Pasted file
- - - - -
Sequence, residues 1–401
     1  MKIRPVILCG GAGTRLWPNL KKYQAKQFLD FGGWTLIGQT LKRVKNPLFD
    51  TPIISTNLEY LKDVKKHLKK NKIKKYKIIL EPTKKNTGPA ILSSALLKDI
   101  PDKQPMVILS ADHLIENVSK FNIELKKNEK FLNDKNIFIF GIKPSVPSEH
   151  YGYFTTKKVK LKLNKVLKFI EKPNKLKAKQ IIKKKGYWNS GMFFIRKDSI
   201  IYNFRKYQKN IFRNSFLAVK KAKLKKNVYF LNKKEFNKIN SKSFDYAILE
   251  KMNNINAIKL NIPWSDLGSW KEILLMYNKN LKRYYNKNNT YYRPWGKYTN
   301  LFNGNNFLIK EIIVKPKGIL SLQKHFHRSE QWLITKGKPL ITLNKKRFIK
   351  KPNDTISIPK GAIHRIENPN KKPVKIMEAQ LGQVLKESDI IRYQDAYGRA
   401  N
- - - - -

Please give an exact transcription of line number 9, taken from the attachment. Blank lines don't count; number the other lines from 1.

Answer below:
   351  KPNDTISIPK GAIHRIENPN KKPVKIMEAQ LGQVLKESDI IRYQDAYGRA